Let $\mathbf{X}=(X_1,...,X_n)^T$ is a simple sample where $X$ belongs to exponential distribution family $\mathcal{P}=\{ f(x;\mu,\sigma \}, -\infty<\mu<\infty, 0<\sigma<\infty.$ Density is $$f(x;\mu,\sigma)=\sigma e^{-\sigma(x-\mu)}, \mu<x<\infty.$$

I need to find the uniformly most powerful test for hypothesis $H:\sigma=\sigma_0$ when $\mu$ is known.

So I think alternative hypothesis is $\overline{H}: \sigma>\sigma_0.$

I also know that $\frac{f_1(X)}{f_0(X)}>c.$

And $\varphi(x)= \begin{cases} 1, \text{ when } f_1(X)>cf_0(X) \\ \gamma, \text{ when } f_1(X)=cf_0(X) \\ 0, \text{ when } f_1(X)<cf_0(X) \end{cases}$

In my case I got $$\frac{f_1(X)}{f_0(X)}=\frac{\sigma_1 e^{-\sigma_1(x-\mu)}}{\sigma_0 e^{-\sigma_0(x-\mu)}}$$

$$\frac{\sigma_1 e^{-\sigma_1(x-\mu)}}{\sigma_0 e^{-\sigma_0(x-\mu)}}>c$$

$$\log \frac{\sigma_1 e^{-\sigma_1(x-\mu)}}{\sigma_0 e^{-\sigma_0(x-\mu)}}> \log c$$


Am I right? But what to do next? From theory I know that $\overline{X}>c'$. But how to apply it here?

  • $\begingroup$ If this is some sort of homework, please add the 'self-study' tag. $\endgroup$ – StubbornAtom Mar 20 '19 at 11:38
  • $\begingroup$ You need to replace the unknown parameters with their MLEs under each of the hypotheses $\endgroup$ – Glen_b -Reinstate Monica Mar 20 '19 at 12:03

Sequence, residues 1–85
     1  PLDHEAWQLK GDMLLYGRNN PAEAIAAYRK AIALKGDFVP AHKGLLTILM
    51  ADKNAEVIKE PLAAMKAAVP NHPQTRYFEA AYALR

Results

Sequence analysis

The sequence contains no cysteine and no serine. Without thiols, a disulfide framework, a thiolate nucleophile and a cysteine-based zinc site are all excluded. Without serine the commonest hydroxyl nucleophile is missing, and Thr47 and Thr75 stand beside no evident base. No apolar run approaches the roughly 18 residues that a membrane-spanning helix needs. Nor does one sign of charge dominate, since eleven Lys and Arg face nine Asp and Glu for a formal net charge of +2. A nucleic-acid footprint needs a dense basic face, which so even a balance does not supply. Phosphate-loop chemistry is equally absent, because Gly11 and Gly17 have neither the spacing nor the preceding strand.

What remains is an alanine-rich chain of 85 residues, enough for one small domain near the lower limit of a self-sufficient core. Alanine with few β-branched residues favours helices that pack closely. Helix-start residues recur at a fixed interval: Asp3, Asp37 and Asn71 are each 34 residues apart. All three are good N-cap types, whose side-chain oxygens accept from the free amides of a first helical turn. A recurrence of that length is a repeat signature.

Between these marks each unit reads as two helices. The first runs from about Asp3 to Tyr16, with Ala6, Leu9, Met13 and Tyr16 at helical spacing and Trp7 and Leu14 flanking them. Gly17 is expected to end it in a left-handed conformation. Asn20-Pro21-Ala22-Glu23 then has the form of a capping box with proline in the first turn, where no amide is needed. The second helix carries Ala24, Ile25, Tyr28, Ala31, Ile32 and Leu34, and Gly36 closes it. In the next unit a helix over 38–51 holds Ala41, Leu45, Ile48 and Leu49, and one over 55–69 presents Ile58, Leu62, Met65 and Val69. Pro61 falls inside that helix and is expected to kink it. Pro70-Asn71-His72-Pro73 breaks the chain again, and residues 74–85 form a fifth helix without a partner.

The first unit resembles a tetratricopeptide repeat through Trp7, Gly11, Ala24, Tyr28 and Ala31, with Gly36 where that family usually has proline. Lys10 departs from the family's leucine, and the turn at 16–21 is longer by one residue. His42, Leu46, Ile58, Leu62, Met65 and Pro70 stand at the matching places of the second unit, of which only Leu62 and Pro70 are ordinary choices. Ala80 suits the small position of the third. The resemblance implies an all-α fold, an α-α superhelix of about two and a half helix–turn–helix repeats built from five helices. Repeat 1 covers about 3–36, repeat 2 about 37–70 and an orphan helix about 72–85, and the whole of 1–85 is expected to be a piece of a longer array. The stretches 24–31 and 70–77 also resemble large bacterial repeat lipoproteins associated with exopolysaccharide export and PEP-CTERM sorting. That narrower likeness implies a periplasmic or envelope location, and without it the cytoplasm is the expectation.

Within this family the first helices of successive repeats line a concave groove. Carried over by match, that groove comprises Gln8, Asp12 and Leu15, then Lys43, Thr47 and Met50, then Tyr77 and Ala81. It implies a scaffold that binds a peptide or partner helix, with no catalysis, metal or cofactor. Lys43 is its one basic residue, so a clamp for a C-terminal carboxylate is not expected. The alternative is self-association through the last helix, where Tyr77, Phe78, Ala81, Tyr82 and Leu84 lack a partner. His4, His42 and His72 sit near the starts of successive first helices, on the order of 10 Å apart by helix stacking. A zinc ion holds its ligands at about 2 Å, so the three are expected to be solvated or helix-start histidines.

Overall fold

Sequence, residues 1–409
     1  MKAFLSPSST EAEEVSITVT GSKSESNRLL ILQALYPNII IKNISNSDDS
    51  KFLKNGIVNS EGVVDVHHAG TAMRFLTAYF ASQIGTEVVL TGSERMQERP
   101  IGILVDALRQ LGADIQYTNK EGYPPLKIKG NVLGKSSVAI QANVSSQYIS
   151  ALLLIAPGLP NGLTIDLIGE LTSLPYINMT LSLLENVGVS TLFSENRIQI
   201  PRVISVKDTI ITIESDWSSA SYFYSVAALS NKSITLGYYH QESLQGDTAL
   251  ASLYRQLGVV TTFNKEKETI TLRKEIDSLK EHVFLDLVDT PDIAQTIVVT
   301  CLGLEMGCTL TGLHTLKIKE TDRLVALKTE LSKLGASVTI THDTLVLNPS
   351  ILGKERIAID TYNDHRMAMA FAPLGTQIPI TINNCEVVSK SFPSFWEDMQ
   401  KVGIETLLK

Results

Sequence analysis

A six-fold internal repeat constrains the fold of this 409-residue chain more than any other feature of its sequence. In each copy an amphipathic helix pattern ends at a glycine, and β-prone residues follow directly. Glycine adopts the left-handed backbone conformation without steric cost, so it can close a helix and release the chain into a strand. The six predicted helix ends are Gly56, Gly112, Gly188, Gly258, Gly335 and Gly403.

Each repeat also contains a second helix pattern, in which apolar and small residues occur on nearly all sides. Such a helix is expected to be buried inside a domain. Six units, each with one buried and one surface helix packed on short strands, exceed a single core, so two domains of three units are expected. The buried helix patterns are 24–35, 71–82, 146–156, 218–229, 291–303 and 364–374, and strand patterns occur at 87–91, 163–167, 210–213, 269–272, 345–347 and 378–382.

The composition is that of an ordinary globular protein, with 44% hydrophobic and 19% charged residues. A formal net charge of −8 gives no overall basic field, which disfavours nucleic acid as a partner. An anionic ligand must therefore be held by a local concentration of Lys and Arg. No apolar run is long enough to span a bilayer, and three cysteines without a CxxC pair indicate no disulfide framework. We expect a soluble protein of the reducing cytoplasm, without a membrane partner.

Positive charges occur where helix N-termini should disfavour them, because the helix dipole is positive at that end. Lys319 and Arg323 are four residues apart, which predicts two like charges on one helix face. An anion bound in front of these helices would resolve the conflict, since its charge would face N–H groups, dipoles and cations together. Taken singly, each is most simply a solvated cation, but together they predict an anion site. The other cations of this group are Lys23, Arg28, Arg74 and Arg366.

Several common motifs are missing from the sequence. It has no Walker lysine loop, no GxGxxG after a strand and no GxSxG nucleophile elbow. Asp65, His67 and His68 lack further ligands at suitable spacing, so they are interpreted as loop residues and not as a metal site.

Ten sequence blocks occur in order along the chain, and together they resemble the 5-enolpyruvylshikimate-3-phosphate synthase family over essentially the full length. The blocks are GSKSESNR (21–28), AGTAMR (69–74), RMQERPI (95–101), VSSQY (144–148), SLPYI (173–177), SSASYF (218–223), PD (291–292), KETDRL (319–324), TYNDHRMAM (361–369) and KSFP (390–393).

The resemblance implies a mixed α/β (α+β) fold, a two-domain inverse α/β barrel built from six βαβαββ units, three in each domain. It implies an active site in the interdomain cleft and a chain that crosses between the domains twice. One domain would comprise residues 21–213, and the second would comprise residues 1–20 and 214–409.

You should be working with the density of the sample $X_1,X_2,\ldots,X_n$, given by

$$f_{\sigma}(x_1,x_2,\ldots,x_n)=\sigma^n \exp\left[-\sigma\sum_{i=1}^n(x_i-\mu)\right]\mathbf1_{x_{(1)}>\mu}\quad,\sigma>0,\mu\in\mathbb R$$

You are testing the hypothesis $H_0:\sigma=\sigma_0$ against the alternative $H_1:\sigma=\sigma_1(>\sigma_0)$.

The likelihood ratio is therefore

\begin{align} \frac{f_{H_1}(x_1,x_2,\ldots,x_n)}{f_{H_0}(x_1,x_2,\ldots,x_n)}&=\left(\frac{\sigma_1}{\sigma_0}\right)^n e^{-n(\bar x-\mu)(\sigma_1-\sigma_0)} \\&=ke^{-n\bar x(\sigma_1-\sigma_0)}\qquad,\small\text{ for some positive constant }k \end{align}

Since you are to reject $H_0$ for large values of this ratio, the critical region is of the form

\begin{align} ke^{-n\bar x(\sigma_1-\sigma_0)}>\text{ constant }\implies \bar x<\text{ constant } \end{align}


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